It says so right in the “Fairy Tale Book.”  Well, maybe not the sweat part — but love is supposed to conquer all. What — if not St. Valentine’s Day — reminds us of the striking power of love? Didn’t the prince awaken Snow White with love’s first kiss?  The same with Sleeping Beauty after she pricked her finger on a needle and fell into a deep sleep, a curse placed by a wicked fairy.  Then there was the frog that turned into the handsome prince when the beautiful princess kissed him. And it was not only the kiss but Beauty’s love and devotion which changed the Beast and lifted his curse.  Ah, yes, Valentine’s Day, love, Fairy Tales, kisses and Disney; what would we do without them?

Love, though, is not confined to fairy tales or animation; grown-up movies can also attest to love conquering all.  Some are found in today’s Hollywood, but many of the more memorable ones were popular when I was young and filled with dreams of romance and love. Of course the all-time favorite is “An Affair To Remember” starring Cary Grant, Deborah Kerr and The Empire State Building.  Less remembered were Robert Young and Martha Scott in “The Enchanted Cottage” a story about a crippled man and a scarred woman who met and married with the belief that because of their physical shortcomings, they deserved no better.  However, when they moved into the cottage, holding no magic at all, these good people began to see and love one another for who they really were; neither seeing the disfigurement of the other.  It was that kind of love, devotion and commitment which cast the cottage with enchantment.

Alzheimer's patient, Ken Romick.

and a real heart-throb as a young man.

In this analogy, though, we must remember that these “story” people were mature adults and as mature adults, they were able to see beyond some of the superficiality one might find in younger visions of love and romance, or fairy tales.

However, fiction isn’t fact – or theory — so let’s momentarily turn to Darwin’s analysis of the species to find out what he believed spurred “love” and replenishing the earth. Actually, he sounds pretty on target when it comes to youth choosing a mate: Natural selection he called it — survival of the fittest – which summation was long before the introduction of genetics – and in my humble opinion was describing not much more than, “cute, shapely, healthy girl meets really cute, well-built, healthy guy, and perhaps, the introduction of sweat smells as part of the falling-in-love process.

As Don, the husband of my friend Sofia, said when their young people and our young people were entering into the selection age, “She wouldn’t even look at a guy if he didn’t smell like a locker room” — more aptly put — “if he didn’t smell like sweat.”  In biological terms, still using Darwin’s theory regarding survival of the fittest, her attraction to him smelling of sweat meant some of his other traits were good-looking, strong, athletic and he would make a good provider. In addition — probably in her subconscious mind or not – he would be fit, virile and a highly favorable contributor to the future generation.  Darwin’s theory about sifting humanity through natural selection would then leave anyone that was not considered to be of the first category – those not smelling of sweat, or less sweaty – less cute, shapely and adorable — to find each other at another level of selection and reproduction – if they were strong and healthy enough to move forward with the process.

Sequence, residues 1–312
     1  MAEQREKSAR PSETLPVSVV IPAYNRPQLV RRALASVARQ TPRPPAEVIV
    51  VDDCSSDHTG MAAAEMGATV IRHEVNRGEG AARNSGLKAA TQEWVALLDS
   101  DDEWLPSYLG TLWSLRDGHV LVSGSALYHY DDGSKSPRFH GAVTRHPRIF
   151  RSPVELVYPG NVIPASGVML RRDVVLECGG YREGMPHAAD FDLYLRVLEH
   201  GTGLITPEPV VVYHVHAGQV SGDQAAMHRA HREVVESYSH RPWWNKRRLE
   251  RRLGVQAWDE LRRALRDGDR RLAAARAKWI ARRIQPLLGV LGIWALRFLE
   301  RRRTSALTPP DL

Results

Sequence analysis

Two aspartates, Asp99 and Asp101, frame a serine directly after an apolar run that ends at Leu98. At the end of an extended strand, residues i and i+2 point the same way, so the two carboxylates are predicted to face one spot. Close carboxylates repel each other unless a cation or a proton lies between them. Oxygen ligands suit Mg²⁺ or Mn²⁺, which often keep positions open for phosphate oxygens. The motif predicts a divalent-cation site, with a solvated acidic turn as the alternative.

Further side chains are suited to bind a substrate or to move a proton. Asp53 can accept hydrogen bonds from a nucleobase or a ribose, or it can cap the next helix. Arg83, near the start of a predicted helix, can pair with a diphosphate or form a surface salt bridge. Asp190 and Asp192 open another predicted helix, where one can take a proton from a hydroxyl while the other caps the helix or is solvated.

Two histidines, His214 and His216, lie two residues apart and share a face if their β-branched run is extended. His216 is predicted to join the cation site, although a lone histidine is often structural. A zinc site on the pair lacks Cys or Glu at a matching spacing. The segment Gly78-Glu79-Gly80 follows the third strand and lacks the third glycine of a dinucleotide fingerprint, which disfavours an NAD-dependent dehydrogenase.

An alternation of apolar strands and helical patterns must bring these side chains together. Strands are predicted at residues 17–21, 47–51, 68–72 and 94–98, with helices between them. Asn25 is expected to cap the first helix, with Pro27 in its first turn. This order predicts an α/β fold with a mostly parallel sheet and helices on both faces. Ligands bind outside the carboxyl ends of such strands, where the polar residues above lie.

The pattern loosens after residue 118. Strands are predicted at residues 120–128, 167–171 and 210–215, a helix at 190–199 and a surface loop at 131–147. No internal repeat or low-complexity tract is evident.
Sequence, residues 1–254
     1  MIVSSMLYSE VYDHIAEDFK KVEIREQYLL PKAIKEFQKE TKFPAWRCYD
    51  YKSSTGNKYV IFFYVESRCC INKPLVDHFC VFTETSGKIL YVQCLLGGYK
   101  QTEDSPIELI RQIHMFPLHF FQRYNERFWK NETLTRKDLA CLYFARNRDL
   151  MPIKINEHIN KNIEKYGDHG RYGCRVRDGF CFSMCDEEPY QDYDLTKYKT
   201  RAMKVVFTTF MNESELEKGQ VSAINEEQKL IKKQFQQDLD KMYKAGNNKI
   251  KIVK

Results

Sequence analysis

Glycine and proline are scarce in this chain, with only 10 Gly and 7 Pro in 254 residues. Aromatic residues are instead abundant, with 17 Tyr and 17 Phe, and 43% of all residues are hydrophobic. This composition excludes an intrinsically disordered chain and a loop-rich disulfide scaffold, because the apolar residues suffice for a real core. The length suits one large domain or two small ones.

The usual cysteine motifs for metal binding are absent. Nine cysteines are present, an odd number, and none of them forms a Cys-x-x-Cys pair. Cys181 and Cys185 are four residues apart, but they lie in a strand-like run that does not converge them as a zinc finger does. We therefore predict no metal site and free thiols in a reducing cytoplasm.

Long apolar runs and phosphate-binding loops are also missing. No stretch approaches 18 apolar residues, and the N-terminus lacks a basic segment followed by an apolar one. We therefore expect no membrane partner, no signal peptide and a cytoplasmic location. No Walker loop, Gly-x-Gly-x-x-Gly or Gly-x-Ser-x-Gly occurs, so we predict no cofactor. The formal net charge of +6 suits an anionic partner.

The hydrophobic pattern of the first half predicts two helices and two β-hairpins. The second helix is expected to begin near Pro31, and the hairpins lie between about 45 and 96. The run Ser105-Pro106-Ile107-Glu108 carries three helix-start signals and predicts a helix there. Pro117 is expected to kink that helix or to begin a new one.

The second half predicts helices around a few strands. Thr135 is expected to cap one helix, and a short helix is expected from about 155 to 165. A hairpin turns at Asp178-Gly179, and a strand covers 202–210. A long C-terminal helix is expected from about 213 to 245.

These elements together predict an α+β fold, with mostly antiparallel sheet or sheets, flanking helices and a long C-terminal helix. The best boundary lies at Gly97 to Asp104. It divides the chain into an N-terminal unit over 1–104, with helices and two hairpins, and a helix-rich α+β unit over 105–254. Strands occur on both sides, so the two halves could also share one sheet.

My analysis of this multifaceted section of Darwin’s theory, I must admit, is loosely contrived and overly simplistic, but still there are other factors not considered. For instance, beauty and attraction are in the eyes of the beholder.  Mr. Locker Room may find his Valentine to be a skinny, studious bookworm, and vice versa. Then, again, there’s the complex subject of genetics, and not to be forgotten is the power of love and the human spirit – over and above the physical.

My friend, Madalyn, and I often talk about the similar paths our lives have taken regarding Alzheimer’s, and we wonder if we had known the genetic factors of our mates when we made our selections, would we have made other choices.  Would we have said, “I can’t marry you because when you get older you may be afflicted with Alzheimer’s disease?”  Or, being young and in love would we have been assured that love would conquer all?

Even if it were today, when testing for the Alzheimer’s gene can be made, would we insist upon a test, and if the test was not what we hoped would we still go ahead and marry these men? It would be foolish to even try to speculate the answer to such an unknown.  Actually, I’m glad I didn’t have to consider the question.  My guess, though, would be to say that love is courageous, gutsy – and blind — to adversity.

Just as we are all born, we all will die.  Adversity is part of the human experience, and I don’t know of anyone who has escaped without some kind of hardship in their life – often coming like sheets of rain with one disastrous storm following the other.  Somehow, we all are challenged with events which we would rather do without, but we survive and we go on, and most of us are stronger for it.  Even with the greatest of adversity we have a choice: walk away or accept.  If we choose to accept, there is yet another choice: do it grudgingly or do it willingly and with love.

No choice is easy.  At first there might be “Why me?” but with acceptance the adversity can become a challenge to be met and then one to be embraced.  My love for Ken cannot conquer AD, but my love for him can conquer problems that accompany the adversity by incorporating what shows up in my life and seeing it through — enduring to the end – and doing it with a cheerful and giving heart.  That doesn’t mean there aren’t times of angst or sadness, and even sobbing, wrenching tears – and anger — a natural mourning for oneself and for a loved one caught in the clutches of a despicable illness.  Nevertheless, we go on.

Each night, after my husband is in bed and drifting off to sleep I bend over him; placing one hand on both of his (to avoid a possible left hook) and then I kiss him on the forehead.  Occasionally, if he allows, I kiss his lips whispering, “I love you.”  His eyes are closed and there are times, not often, but times when his face becomes relaxed and serene and he’ll say, “I love you too.”  At that instant love has conquered. He is the man I selected in my youth: a tad craggy and a bit jowly now, but handsome still with a wonderfully straight nose and a pleasant smile.  I am content – momentarily at peace — and I can almost smell the locker room. Happy Valentine’s Day Ken.

 

Originally posted 2012-02-10 23:19:46.